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Safety of medicines

Our commitment to medicine safety begins in the research laboratory and continues for as long as the medicine is prescribed to patients anywhere in the world.

Receiving regulatory approval for a medicine is a significant judgement on the safety of a medicine, but it is not the final safety checkpoint. Pre-registration clinical trials cannot detect every possible side effect, and more may become apparent when the medicine is used:

  • in much larger groups of patients
  • for longer periods of time – sometimes for months or years
  • in a more diverse patient population
  • under ‘real-world’ circumstances rather than the more predictable and closely monitored conditions of clinical trials

It is very important to assess how medicines act in real-world patients, who are not as closely monitored and supervised as participants in clinical studies. In the real world, patients:

  • don’t always take their medication as recommended
  • don’t always adhere to dosing recommendations
  • may have underlying conditions that may affect how the medication works
  • may take other medication, including non-prescription medication

These types of different conditions provide the opportunity to build up knowledge and may go beyond what was known about the safety characteristics of the medicine at the time of approval.

Monitoring safety

Patient safety is our first priority. We encourage healthcare professionals and patients to report any ‘adverse events’ (side effects) experienced while taking a Pfizer medicine, regardless of whether it is thought the event was caused by our medicine or not. We also encourage reporting if the medicine does not work as expected.

We have legal and ethical responsibilities to collect and analyse reports of adverse events. Appropriate reports are sent to the regulatory authorities within defined timelines. All Pfizer employees play a critical role in meeting these responsibilities and are fully trained in how to recognise and report an adverse event.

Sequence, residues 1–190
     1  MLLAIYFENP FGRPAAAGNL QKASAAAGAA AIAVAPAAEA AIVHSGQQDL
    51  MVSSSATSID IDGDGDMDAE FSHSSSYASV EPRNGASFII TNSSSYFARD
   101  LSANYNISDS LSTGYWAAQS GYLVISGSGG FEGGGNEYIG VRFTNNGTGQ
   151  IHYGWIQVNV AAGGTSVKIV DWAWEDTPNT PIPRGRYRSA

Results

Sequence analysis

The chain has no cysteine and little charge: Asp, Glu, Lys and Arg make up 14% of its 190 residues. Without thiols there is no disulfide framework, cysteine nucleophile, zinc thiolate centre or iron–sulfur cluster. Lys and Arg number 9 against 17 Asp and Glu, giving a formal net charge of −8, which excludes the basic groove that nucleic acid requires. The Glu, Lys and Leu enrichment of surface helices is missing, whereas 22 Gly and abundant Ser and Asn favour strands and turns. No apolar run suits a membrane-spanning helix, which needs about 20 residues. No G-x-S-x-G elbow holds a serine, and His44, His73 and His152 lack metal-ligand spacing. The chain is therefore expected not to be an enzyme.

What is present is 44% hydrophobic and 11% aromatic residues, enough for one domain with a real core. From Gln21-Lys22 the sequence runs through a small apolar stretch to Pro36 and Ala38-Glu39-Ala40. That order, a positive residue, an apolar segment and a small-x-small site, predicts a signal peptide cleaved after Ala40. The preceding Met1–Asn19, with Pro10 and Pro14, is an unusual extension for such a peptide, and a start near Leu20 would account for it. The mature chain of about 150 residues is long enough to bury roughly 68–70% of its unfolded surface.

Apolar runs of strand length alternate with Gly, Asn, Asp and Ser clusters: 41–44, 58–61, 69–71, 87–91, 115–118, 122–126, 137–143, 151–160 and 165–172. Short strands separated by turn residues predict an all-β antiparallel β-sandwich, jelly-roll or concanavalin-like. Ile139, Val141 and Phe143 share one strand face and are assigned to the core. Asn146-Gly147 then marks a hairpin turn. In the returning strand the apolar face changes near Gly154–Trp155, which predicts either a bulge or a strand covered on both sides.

In the UK, the Medicines and Healthcare products Regulatory Agency (MHRA) is responsible for regulating all medicines and medical devices, ensuring they work and are acceptably safe.

Through its Yellow Card Scheme the MHRA monitors the safety of the medicines and vaccines on the market. Whenever there is a suspicion that a medicine - or combination of medicines - has caused a side effect, the MHRA asks patients and healthcare professionals to complete a Yellow Card.

These reports are then evaluated alongside other information such as clinical trial data, medical literature or data from international medicines regulators, to identify previously unrecognised side effects.

If a new side effect is identified, information is carefully considered in the context of the overall side effect profile for the medicine, and how the side effect profile compares with other medicines used to treat the same condition.

The MHRA takes action, whenever necessary, to ensure that medicines are used in a way that minimizes risk, while maximising patient benefit.

In assessing the safety of medicines, the MHRA is advised by the Commission on Human Medicines (CHM), which is the Government’s independent scientific advisory body on medicines safety. The CHM is made up of experts from a range of health professionals and includes lay representatives.

It is extremely rare for information to be discovered after a medicine has been approved which will lead to it being withdrawn or its use being severely restricted. However, when this occurs, it usually receives considerable public attention.

The more common scenario is that newly identified safety issues help us, working with regulatory agencies, to better understand who should or should not take the medicine, or how to update dosing recommendations.

PP-PFE-GBR-0373 / March 2017